Luckily, when Irina, the hostel’s administrator, arrived an hour later, she would not take that for an answer and called the bank again. She pleaded my case with great force, even arguing that giving me my card back would be good for Russian-American relations (I got a good laugh at that but she seemed to think it made the difference). By the end of the call, they told her they would empty the ATM machine that day and return my card as soon as they received a fax from Capital One giving them permission to do so.
My initial reaction? Yeah, right. Not gonna happen.
Because of the time difference (St. Petersburg is eight hours ahead of the East Coast), I had to wait until 3:00 p.m. to call Capital One. I also sent messages to their Twitter account, trying every avenue possible to reach someone who could help.
After being transferred around a couple times, the first Capital One representative I reached was skeptical that the Russian bank could return my card to me at all, saying that they typically just shred them. However, I once saw a friend get her ATM card fished out of a machine in Egypt and multiple people shared stories on Facebook about getting cards back, so I knew it was feasible. Nonetheless, the woman put me on hold to try to locate an account supervisor to discuss the fax request. After thirty minutes on hold, I almost lost it when someone finally got on the line only for me to lose my Skype connection.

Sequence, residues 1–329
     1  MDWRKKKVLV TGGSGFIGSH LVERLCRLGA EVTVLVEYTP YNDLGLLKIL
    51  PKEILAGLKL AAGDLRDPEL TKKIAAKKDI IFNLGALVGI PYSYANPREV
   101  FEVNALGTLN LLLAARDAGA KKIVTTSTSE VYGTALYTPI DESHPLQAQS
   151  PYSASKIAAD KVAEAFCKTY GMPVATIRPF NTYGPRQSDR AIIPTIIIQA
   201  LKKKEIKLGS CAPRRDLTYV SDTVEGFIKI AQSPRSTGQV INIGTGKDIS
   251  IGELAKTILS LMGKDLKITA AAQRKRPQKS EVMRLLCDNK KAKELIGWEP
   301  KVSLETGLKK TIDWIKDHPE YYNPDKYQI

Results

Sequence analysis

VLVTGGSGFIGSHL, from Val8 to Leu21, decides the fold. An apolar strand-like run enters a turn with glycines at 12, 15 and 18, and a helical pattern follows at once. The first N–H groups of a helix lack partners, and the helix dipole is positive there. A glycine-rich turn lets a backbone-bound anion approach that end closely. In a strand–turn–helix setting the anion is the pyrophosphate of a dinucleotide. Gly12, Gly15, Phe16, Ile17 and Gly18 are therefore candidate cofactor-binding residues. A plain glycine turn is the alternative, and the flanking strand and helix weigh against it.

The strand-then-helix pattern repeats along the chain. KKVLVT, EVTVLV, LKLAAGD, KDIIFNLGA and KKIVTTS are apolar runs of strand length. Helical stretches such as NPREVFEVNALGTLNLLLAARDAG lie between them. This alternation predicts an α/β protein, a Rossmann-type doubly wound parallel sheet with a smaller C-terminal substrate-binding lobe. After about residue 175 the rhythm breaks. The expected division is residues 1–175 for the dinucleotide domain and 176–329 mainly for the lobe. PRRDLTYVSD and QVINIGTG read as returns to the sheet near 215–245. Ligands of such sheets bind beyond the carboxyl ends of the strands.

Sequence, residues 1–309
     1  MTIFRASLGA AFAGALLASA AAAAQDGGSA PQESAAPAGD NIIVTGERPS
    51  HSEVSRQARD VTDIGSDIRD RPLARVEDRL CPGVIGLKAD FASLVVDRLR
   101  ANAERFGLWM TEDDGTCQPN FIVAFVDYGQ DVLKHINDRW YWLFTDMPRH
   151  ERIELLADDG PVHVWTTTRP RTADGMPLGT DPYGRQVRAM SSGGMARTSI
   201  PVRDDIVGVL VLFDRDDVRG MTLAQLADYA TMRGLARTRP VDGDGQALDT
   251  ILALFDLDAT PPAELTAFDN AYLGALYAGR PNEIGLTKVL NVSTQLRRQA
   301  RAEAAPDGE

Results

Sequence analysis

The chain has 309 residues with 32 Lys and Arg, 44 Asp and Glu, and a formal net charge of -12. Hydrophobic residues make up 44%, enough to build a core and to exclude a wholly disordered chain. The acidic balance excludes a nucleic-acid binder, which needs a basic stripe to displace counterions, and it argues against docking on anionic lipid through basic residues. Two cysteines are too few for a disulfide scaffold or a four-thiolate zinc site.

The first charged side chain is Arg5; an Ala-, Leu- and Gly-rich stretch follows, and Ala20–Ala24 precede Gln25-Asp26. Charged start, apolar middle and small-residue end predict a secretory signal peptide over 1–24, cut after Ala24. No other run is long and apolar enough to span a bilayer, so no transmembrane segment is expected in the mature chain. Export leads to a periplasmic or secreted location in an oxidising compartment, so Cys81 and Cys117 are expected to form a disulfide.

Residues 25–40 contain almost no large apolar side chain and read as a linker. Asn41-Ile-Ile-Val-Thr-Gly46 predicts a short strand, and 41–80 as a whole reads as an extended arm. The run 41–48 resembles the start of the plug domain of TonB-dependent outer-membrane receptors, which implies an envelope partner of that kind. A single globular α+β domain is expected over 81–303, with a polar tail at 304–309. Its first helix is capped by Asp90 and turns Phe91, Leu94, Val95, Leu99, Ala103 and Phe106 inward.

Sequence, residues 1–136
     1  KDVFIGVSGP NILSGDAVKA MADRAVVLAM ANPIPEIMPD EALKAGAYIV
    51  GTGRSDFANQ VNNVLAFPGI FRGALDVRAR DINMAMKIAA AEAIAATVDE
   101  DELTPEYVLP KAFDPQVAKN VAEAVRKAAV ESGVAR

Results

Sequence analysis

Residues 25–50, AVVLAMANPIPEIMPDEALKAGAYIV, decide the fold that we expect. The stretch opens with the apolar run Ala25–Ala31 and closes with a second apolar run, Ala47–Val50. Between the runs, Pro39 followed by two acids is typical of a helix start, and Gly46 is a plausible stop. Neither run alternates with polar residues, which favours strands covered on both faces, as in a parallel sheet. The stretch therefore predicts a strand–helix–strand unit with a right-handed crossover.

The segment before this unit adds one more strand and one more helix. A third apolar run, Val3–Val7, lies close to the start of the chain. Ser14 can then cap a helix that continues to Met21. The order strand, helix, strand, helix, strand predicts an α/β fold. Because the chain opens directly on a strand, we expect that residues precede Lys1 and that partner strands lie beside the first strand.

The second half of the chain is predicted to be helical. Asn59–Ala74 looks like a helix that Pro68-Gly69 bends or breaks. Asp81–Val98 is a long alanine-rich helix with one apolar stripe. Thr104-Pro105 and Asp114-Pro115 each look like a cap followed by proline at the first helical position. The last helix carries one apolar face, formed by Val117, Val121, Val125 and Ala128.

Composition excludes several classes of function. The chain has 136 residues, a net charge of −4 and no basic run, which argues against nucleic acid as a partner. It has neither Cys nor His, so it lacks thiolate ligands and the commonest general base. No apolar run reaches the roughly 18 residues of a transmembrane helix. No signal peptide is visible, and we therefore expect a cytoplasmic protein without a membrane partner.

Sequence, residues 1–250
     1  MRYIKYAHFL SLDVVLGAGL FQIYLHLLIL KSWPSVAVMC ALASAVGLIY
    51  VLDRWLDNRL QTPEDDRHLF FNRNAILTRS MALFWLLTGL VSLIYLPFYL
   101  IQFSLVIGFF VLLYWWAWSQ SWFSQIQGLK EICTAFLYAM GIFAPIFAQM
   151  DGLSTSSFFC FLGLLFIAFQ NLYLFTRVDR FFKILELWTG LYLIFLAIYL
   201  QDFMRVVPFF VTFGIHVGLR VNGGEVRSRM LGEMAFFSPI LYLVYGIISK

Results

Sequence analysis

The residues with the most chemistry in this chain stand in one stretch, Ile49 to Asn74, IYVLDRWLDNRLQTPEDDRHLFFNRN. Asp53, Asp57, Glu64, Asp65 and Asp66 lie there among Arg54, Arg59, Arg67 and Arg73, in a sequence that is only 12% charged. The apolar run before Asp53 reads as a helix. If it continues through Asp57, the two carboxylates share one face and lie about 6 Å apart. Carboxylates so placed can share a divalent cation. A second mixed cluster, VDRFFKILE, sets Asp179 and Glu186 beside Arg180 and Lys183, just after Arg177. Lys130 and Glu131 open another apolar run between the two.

Ten minutes later, I was back on the phone with another representative who proceeded to tell me that Capital One cannot issue “ad hoc” letters like the one the Russian bank was requesting. I begged and pleaded with him (as nicely as possible of course) to connect me with someone who might have the authority to come to a different conclusion, but he refused, saying he already talked with his supervisor and there wasn’t anyone higher to which to appeal.
I hung up the Skype call with tears in my eyes and went out to the common area of the hostel to tell Irina the bad news.
She just smiled and said “no, no, don’t worry, your card is here.”
I didn’t know whether to laugh or cry. I went from feeling completely hopeless to ecstatic in about thirty seconds. I mistakenly thought she meant someone was actually at the hostel with my card, so I started running all over the hostel to find my shoes and my passport, afraid that they might leave if I didn’t hurry. Irina laughed at my craziness and told me to slow down, that the card was at the bank branch on Nevsky Prospekt, a few blocks away. And then I took off running around anyway.